I’ve interviewed many Shia businesspeople in Lebanon, Africa and the Gulf who have expressed willingness to work with the international community—and outside Hezbollah’s orbit—to provide jobs and loans. They have been giving political and financial support to activist and civil society groups in Shia towns and cities. Their motivation is to establish roots in their communities, but also to spare themselves from sanctions or financial isolation by distancing themselves from Hezbollah. Prior to his assassination earlier this year, Shia political activist and intellectual Lokman Slim was closely involved with this informal grouping of civil society and business leaders.
This enthusiasm suggests a different political path for Lebanon and an opportunity for the United States and the international community to change their focus. Instead of continuing to work with Lebanese state institutions that are weak, corrupt, and Hezbollah-controlled, the U.S. should divert its focus to invest in this unofficial but increasingly influential group. The eventual goal would be a more structured civil society organization that enjoyed strong relationships with the U.S., Europe and international institutions and focused on creating economic opportunities, empowering new political voices and offering a meaningful alternative to Hezbollah for frustrated Lebanese Shias.
The group should include business leaders, civil society representatives, members of the Lebanese diaspora, activists and other influential Shias. Donor nations including the United States and international institutions like the World Bank and IMF could work with the Lebanese business community to structure, develop, fund and manage the organization. The critical thing is that this would take place outside Lebanon’s state institutions and political parties.
To avoid the potential pitfalls of working outside formal government structures, international involvement will be critical. The international community should focus on investing in basic services such as health and education, expanding economic opportunities outside Hezbollah, and protecting journalists and activists. This can be done by supporting private-sector initiatives, grassroots organizations working to provide services in smaller communities and independent media organizations. Creating economic opportunities is especially important today, as the Lebanese private sector has collapsed and the middle class has mostly disappeared. Hezbollah has become the largest employer with the best access to hard currency. Many Shia—Hezbollah’s traditional hiring base—are faced with a choice between relying on Hezbollah or starving.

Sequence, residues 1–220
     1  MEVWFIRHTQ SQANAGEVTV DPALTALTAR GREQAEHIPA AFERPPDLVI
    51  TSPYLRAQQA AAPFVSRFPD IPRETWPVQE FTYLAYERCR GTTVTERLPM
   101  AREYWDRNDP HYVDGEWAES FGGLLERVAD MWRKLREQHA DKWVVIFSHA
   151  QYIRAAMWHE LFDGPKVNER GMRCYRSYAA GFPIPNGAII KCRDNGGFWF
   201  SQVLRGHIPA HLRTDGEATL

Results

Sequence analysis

This doesn’t mean the U.S. should stop its longstanding policies of providing assistance to the Lebanese Army—especially given increased security concerns—and humanitarian aid. However, the U.S. can reorient those traditional aid channels to match its new focus on civil society rather than on formal institutions. Aid to the military should be structured to make sure pro-Hezbollah elements within the army do not benefit—elements that have reportedly targeted Lebanese activists. The U.S. can make protection of activists a condition of continued military aid. In addition, humanitarian aid should only go through civil society organizations, not politically affiliated NGOs. The United States in recent years has tended to target aid to organizations and charities linked to Lebanon’s powerful political elites, rather than genuinely grassroots organizations. Meanwhile, aid to some anti-Hezbollah civil society initiatives has diminished since the U.S. began nuclear negotiations with Iran.
In parallel, the U.S. can continue sanctioning corrupt political leaders. Sanctions—such as through the Magnitsky Act—are a powerful tool to contain corruption when they are part of a broader policy, and the penalties on Hezbollah’s allies have already hit the group hard. Finally, if sanctions are lifted on Iran as part of a new nuclear deal, robust mechanisms should be put in place to limit Hezbollah’s access to hard currency from its sponsors in Tehran.
Both Hezbollah and Iran have long understood something that the United States and its European allies haven’t: soft power. While the West aided Lebanon the old-fashioned way—supporting the political opposition, providing security assistance to the military and funding development programs—Iran was funding the Shia business community, media organizations, education and nontraditional initiatives like cybersecurity training, musicians and a pro-Iran youth group called the Mahdi Scouts. Hezbollah, with Iranian support, created an alternative state and parallel economy that provided services and jobs. Now, as Hezbollah weakens, the United States can use a similar soft-power approach to help Lebanese get access to the economic opportunities they want—and weaken Hezbollah in the process.
Waiting for Hezbollah and the Lebanese political class to change has proven a waste time and time again. But Lebanon itself is changing. Washington has an opportunity to take advantage of these changes by investing in the civil society groups that are already emerging as a viable alternative to Hezbollah. Lebanon’s people are ready, and the opportunity is ripe.
Hanin Ghaddar is the Friedmann Fellow in The Washington Institute’s Geduld Program on Arab Politics and a former journalist in Lebanon. This article was originally published on the Politico website.